(t)he doctrine disfavoring repeals by implication "applies with full vigor when . . . the subsequent legislation is an Appropriations measure." Committee for Nuclear Responsibility v. Seaborg, 149 U.S.App.D.C. 380, 382, 463 F.2d 783, 785 (1971) (emphasis added) . . . . This is perhaps an understatement since it would be more accurate to say that the policy applies with even Greater force when the claimed repeal rests solely on an appropriations act.

 TVA v. Hill, supra, 437 U.S. at 190, 98 S. Ct. at 2299 (emphasis in original). Plaintiff here would seem to be requesting the Court to find an implied repeal by virtue of congressional silence in an appropriations act. Given the strong presumptions against such repeals and particularly in view of the consideration of the instant case, the Court cannot find that the passage of Public Law 95-429 in any way invalidates DoD's exercise of discretion as lead agency in capping the wage schedules of plaintiff's members.

 Finally, the Court notes that plaintiff places considerable reliance on two decisions from this jurisdiction, National Treasury Employees Union v. Nixon, 160 U.S.App.D.C. 321, 492 F.2d 587 (1974), and American Federation of Government Employees v. Campbell, 474 F. Supp. 357 (D.D.C.1979), Appeals docketed, Nos. 79-2024 & 79-2136 (D.C.Cir. Aug. 31, 1979 & Sept. 25, 1979), as support for its assertion that its members are entitled to wage rate increases above the 5.5 percent pay cap established by the lead agency. Both cases, however, are inapposite to the situation present here.

 National Treasury Employees Union involved an interpretation of the effect of a 1971 amendment to the Economic Stabilization Act Amendments of 1971, Pub.L. No. 92-210, § 3, 85 Stat. 743, upon the Federal Pay Comparability Act, 5 U.S.C. §§ 5301-5308 (1970). Under the Federal Pay Comparability Act, by October 1 of each year the President was required to adjust the pay rates of various federal employees other than prevailing rate workers to a level consistent with private industry unless by September 1, upon a finding of national emergency or economic conditions affecting the general welfare, he submitted an alternative plan to Congress and it did not veto the plan within thirty days. Following the passage in 1971 of certain amendments to the Economic Stabilization Act, the President asserted that the amendments would defer the pay raise due on October 1, 1972, until January 1, 1973, and therefore declined either to institute the October 1 salary increase or to file an alternative plan with Congress. 160 U.S.App.D.C. at 329-30, 492 F.2d at 595-96. The court held that the provisions of the Federal Pay Comparability Act controlled such that, in the absence of the submission of an alternative plan to Congress within the time prescribed, the President had a nondiscretionary duty to adjust the pay rates of federal workers on October 1. Id. at 334-35, 492 F.2d at 600-01. Clearly, the differences in the statutory scheme involved in that case render it of no value as precedent here.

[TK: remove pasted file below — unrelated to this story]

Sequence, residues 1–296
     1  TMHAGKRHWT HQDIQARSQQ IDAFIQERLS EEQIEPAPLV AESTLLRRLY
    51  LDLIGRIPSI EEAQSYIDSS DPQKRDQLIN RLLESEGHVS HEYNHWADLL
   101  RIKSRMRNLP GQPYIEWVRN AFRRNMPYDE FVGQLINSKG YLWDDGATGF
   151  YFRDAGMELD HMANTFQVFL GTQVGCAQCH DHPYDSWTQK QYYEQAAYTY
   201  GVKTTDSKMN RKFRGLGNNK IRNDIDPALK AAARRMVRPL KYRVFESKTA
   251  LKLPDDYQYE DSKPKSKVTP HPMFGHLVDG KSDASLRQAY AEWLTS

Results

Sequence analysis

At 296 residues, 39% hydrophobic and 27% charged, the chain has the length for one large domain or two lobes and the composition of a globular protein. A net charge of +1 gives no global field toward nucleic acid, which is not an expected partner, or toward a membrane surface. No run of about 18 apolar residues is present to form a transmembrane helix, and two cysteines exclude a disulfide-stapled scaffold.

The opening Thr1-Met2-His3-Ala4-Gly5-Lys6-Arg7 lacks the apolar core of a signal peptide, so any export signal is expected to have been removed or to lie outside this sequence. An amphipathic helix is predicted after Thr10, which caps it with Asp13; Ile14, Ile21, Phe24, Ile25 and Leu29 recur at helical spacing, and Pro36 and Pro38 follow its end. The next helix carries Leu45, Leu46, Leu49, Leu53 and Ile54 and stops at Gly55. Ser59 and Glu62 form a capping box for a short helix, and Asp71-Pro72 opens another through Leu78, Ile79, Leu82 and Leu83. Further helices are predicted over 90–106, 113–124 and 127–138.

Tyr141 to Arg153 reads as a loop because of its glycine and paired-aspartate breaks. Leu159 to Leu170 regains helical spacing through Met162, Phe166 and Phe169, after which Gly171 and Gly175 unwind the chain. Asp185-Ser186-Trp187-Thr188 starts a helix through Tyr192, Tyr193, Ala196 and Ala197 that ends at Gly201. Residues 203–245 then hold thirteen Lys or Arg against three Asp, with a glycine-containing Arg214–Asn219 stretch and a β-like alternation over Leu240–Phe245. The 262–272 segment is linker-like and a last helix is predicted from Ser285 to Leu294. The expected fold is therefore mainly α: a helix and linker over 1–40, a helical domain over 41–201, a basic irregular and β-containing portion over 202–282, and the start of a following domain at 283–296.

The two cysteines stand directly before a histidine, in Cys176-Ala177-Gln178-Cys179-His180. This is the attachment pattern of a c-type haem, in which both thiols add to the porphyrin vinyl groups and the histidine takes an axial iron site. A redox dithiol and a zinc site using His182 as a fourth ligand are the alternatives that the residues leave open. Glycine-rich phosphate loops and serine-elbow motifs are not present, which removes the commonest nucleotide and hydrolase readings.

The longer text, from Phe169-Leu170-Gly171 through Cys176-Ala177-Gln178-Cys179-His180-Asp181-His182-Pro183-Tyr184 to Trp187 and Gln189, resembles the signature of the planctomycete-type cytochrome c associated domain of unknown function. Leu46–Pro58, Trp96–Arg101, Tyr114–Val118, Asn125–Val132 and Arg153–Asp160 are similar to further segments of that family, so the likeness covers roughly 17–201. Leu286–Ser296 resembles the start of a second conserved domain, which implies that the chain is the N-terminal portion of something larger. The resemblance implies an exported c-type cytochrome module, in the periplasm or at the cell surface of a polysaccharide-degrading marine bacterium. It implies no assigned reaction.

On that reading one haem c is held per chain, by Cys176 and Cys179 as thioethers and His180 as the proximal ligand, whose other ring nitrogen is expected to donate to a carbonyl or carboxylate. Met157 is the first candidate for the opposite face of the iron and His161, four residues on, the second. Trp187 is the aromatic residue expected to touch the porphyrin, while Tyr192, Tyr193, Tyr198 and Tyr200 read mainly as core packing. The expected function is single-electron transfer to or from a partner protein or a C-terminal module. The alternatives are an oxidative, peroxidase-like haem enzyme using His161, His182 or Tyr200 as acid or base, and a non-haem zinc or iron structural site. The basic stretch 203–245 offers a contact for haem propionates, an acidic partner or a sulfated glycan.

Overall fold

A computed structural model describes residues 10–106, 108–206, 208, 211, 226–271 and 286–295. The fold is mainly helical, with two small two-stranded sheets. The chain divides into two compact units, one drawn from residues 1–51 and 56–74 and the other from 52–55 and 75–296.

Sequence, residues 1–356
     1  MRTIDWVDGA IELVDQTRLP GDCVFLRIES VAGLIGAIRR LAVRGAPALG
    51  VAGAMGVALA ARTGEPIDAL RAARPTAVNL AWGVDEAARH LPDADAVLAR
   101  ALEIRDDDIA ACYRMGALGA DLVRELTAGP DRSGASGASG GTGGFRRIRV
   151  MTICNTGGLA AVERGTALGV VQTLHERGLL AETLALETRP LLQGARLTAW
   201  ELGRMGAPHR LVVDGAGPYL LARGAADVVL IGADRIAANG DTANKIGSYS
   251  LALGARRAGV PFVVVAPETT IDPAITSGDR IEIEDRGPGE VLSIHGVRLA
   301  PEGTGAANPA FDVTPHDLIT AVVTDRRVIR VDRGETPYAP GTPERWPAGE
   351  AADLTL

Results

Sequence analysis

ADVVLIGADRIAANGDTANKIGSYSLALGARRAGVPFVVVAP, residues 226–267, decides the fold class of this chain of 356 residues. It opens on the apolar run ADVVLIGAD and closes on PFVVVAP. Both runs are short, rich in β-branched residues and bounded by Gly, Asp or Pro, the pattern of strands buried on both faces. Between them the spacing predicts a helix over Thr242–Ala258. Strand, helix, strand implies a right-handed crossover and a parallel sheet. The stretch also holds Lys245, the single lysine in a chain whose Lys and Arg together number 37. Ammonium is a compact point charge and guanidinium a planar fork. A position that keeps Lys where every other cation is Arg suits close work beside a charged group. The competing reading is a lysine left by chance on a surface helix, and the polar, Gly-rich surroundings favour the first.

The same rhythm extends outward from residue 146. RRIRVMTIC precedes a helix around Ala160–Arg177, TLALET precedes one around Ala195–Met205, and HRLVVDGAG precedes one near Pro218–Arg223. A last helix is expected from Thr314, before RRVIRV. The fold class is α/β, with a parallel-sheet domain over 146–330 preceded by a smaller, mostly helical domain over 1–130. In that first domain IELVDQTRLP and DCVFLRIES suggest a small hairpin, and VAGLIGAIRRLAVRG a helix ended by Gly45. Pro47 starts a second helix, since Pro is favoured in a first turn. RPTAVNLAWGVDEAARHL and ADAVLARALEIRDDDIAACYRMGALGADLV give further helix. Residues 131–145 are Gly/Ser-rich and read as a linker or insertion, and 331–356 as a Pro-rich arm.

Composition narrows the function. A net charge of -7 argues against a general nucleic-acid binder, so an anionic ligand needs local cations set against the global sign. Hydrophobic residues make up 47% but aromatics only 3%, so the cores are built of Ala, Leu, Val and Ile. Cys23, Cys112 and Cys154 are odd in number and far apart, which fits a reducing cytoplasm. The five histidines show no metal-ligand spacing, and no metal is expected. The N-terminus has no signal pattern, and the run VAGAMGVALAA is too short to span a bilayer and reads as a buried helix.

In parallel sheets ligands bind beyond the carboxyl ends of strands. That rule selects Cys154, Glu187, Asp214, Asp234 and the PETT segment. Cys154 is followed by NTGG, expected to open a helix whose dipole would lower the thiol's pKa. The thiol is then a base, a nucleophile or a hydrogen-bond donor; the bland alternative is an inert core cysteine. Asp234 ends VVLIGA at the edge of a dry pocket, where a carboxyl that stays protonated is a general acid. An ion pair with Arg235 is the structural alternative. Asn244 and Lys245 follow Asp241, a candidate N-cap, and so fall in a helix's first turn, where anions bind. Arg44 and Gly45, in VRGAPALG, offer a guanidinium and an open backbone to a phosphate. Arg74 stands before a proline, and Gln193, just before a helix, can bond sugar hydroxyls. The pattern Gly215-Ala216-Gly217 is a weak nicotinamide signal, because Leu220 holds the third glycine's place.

In Campbell, the court considered the application of the statutory 5.5 percent pay cap instituted by Public Law 95-429 to certain prevailing rate appropriated fund federal employees whose pay rates are determined pursuant to section 5343. The effective dates of the wage schedules in question were October 1 and October 8, 1979. The Civil Service Commission had determined that the pay cap legislation, which was signed into law on October 10, 1978, was retroactively applicable to pay increases having effective dates between October 1 and October 10, 1978. 474 F. Supp. at 358-59. The court held that the statute could not be applied retroactively to limit wage increases payable during the period October 1-10, 1978, but could be applied to limit remuneration for services performed on or after October 10. Id. at 359-60.

 The Court does not find the Campbell decision determinative. Its holding addresses an issue irrelevant here namely, the effect of retroactive application of Public Law 95-429. Plaintiff's membership is not subject to that legislation. The validity of the pay cap in contention here rests solely on the determination whether defendant DoD, acting as a duly designated lead agency, could legitimately establish wage schedules that did not precisely parallel the wage rates prevailing in the private sector. In its discussion of this question earlier in this opinion, the Court has held that section 5343(a) grants such discretion to the lead agency.

 Accordingly, plaintiff's motion for summary judgment must be denied and summary judgment granted in favor of defendants.

 An appropriate order is entered herein and this action is dismissed.